December 2002 Film Music CD Reviews

Film Music Editor: Ian Lace
Music Webmaster Len Mullenger

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The Best of James Bond  
Ingrid Peters (vocalist)
  SWR Rundfunkorchester Kaiserslautern. Conductor and arrangements: Dieter Reith
  Hänssler CD 93.083   [49:28]

best of james bond

The first question this album brings to mind is how one can have the Best of James Bond music in 49 minutes when a CD can hold 80? Then one notices that rather than featuring some of the stirring action music from the series the disc seems to promise new orchestral arrangements of title songs. Ingrid Peters is listed as "soloist", but if one didn't know she is a singer one would anticipate purely orchestral tracks performed by the SWR Rundfunkorchester Kaiserslautern. Even this proves not to be the case as the cues usually come with some additional electronic instrumentation, though without any composer credits anywhere on the album packaging. So what do we get? 16 tracks in no particular order: details taken directly from the hänssler website . (correct composer names added in brackets).

  • # 01 The James Bond Theme, from "Dr. No" - Composer: Monty Norman
  • # 02 All Time High, from "Octopussy" Ingrid Peters, vocals, Composer: John Barry
  • # 03 Goldfinger - Composer: John Barry
  • # 04 Golden Eye, Composer: Paul Hawson (Eric Serra)
  • # 05 Live and Let Die, Composer: Paul McCartney
  • # 06 The Living Daylights, Composer: John Barry
  • # 07 Thunderball, Composer: John Barry
  • # 08 For Your Eyes Only, Composer: Bill Conti
  • # 09 From Russia With Love, Composer: Lionel Bart (John Barry)
  • # 10 Tomorrow Never Dies, Composer: David Arnold
  • # 11 Moonraker, Composer: John Barry
  • # 12 Diamonds Are Forever, Composer: John Barry
  • # 13 Nobody Does It Better, from "The Spy Who Loved Me" Ingrid Peters, vocals, Composer: Marvin Hamlisch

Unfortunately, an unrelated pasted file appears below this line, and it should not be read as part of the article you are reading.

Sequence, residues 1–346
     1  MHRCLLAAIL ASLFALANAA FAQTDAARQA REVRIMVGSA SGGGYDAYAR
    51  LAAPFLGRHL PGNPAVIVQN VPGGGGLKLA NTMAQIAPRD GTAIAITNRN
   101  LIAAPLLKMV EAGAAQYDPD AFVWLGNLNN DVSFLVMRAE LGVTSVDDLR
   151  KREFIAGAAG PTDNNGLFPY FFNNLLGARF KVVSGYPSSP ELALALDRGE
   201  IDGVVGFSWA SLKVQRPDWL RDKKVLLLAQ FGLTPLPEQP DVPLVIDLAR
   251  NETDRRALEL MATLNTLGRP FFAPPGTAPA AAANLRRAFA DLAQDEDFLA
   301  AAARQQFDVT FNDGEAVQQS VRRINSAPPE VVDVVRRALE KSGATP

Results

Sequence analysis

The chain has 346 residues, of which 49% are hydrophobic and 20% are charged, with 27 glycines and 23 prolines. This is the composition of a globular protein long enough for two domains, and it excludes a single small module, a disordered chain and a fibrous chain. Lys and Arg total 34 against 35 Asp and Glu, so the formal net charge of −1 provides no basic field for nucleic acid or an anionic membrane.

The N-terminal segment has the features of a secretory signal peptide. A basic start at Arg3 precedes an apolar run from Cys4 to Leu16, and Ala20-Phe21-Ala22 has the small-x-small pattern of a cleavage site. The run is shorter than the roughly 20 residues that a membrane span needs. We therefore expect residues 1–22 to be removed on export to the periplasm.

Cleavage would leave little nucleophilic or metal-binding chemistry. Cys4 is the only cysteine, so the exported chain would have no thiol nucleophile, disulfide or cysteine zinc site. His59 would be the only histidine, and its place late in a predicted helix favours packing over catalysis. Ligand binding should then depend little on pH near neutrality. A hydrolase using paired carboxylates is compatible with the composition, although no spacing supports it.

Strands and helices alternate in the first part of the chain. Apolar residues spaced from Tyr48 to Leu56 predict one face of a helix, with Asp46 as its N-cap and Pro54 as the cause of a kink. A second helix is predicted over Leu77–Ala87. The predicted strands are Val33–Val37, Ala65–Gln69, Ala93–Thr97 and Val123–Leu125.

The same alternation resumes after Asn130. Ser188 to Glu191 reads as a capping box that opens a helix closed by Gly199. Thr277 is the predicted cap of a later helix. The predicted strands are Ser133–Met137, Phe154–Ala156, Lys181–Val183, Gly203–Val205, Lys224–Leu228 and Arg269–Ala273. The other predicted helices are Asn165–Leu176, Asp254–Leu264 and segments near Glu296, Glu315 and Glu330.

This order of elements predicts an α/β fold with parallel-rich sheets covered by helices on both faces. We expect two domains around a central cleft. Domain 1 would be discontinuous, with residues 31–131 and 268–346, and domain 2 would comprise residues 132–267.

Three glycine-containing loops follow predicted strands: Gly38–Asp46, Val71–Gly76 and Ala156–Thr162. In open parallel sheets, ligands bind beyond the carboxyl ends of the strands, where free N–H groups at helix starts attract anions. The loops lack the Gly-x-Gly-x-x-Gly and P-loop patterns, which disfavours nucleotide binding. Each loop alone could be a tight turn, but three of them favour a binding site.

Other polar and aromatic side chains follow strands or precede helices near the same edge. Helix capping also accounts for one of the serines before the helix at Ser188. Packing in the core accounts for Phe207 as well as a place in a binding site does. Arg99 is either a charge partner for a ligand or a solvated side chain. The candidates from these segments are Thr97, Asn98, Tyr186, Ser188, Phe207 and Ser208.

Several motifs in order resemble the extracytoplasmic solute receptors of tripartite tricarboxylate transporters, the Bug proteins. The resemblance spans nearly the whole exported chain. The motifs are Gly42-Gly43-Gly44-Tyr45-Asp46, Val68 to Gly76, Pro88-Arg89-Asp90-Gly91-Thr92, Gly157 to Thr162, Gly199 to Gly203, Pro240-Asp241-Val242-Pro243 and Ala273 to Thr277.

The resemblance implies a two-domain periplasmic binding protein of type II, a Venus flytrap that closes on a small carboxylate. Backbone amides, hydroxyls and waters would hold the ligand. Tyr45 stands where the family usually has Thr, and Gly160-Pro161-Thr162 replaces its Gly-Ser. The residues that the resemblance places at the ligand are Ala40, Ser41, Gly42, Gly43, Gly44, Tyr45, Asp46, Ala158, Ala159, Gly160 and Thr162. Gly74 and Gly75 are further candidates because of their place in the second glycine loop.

• # 14 We Have All the Time in the World, from "On Her Majesty's Secret Service", Composer: John Barry
  • # 16 License To Kill, Composer N.M. Walden (Michael Kamen)

    Given the range of Bond music compilations, original and re-recordings already on the market, this line-up doesn't inspire enthusiasm. Surprisingly the results are not only half-bad, but actually really rather polished and enjoyable. The orchestra, which will be little known to most in the UK is a radio orchestra established in 1951 to specialise in light music, and which has a repertoire spanning the baroque to operetta, musicals and film themes. In his arrangements Dieter Reith makes no attempt to be strictly authentic to the original orchestrations, but does capture a suitably Bondian sound; a mix of orchestral melodrama, catchy pop beats, silly strings, jazzy brass and atmospheric electronics. The uncredited electric guitar on the James Bond Theme will never replace Vic Flick but the tune is still rousing. Throughout the tunes are so strong as to shine, even lesser themes such as Bill Conti's For Your Eyes Only, the melodies exhilarating in their melodramatic way. Ingrid Peters' takes on "All Time High" from Octopussy and Nobody Does It Better from The Spy Who Loved Me are good if not exceptional, but why no vocal versions of Goldfinger or Diamonds Are Forever?

    This is certainly far from the best Bond anthology around, but still pleasurable in its own way. Even so, with so much choice it may still be one for Bond completists.

    Gary S. Dalkin


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